The people of France are standing firm. More mass demonstrations are planned for tomorrow as continuing strike action against proposed pension reforms takes hold across France.
France's transport workers are entering their 36th day of strike action (Thursday 9th January will be the 36th day), making it the longest strike for rail workers since May 1968.
Frances' rail network has been hit hardest by the industrial action and President Emmanuel Macron is standing firm, his government says the changes are necessary to make the pension system fairer and more sustainable. Workers and unions disagree and last minute talks held on Tuesday failed to make any progress to end the dispute.
The strikes started in France on the 5th of December, they have hit all areas of work and commerce, disrupting rail networks, city public transport, hauliers, teachers, airline ground crew, air traffic controllers and postal workers.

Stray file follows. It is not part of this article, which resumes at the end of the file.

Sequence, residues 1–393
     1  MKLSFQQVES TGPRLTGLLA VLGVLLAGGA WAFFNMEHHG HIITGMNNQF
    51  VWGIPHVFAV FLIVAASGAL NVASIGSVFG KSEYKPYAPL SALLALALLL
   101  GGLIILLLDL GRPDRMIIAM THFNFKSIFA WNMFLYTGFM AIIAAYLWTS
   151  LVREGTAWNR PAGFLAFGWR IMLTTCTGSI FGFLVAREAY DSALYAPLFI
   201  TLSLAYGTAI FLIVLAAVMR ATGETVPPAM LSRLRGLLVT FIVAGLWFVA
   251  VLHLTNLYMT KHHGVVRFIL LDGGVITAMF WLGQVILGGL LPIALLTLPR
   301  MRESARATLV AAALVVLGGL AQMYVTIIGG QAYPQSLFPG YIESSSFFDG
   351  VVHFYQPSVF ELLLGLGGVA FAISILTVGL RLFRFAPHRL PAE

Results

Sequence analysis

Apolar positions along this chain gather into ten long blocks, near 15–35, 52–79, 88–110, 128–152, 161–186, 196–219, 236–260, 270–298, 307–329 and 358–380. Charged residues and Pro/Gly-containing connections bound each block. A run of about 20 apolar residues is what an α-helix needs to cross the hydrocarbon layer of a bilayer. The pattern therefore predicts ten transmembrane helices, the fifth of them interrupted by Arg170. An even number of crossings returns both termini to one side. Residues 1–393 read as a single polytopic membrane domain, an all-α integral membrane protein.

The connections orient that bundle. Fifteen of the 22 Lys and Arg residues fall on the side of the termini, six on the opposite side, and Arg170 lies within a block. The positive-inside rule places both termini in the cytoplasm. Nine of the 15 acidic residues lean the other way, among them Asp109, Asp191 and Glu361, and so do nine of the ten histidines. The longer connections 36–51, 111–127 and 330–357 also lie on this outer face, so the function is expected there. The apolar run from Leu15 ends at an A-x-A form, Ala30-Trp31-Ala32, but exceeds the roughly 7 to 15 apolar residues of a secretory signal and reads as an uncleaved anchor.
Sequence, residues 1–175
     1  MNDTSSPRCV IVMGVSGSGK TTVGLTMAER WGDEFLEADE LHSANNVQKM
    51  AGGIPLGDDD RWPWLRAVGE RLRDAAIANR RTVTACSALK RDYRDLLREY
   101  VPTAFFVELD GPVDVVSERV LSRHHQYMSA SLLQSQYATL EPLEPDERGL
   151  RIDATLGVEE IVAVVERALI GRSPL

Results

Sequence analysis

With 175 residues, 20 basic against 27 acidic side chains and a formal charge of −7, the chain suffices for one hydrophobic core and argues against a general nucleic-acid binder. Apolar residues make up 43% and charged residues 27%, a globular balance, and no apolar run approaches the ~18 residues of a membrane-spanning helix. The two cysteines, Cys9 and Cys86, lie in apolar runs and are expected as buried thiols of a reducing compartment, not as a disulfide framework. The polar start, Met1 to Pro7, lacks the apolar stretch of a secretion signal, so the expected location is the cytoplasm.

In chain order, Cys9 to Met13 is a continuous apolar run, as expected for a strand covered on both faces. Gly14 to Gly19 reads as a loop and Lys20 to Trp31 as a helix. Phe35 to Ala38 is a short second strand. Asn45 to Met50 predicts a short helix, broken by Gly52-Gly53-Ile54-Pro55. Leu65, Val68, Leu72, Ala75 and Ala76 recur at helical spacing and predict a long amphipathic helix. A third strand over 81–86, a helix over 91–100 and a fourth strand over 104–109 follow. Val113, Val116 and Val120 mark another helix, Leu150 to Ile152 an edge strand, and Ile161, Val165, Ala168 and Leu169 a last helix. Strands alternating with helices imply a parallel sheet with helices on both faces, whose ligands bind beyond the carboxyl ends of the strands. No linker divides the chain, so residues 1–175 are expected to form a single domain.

Macron’s government wants to apply one set of rules to all new pensioners.
It would replace the current 42 pension regimes that apply to various professions and can include specific provisions, like early retirement for train workers. All French retirees receive a state pension. The overall legal retirement age is 62.
The industrial action illustrates the mounting fears across generations that people will have to work longer for less.
- The upcoming strikes are the latest in a long line of protests since Macron came to power in 2017. Most centre on changes to the labour market, which Macron insisted during his election were necessary for France to become a more dynamic economy.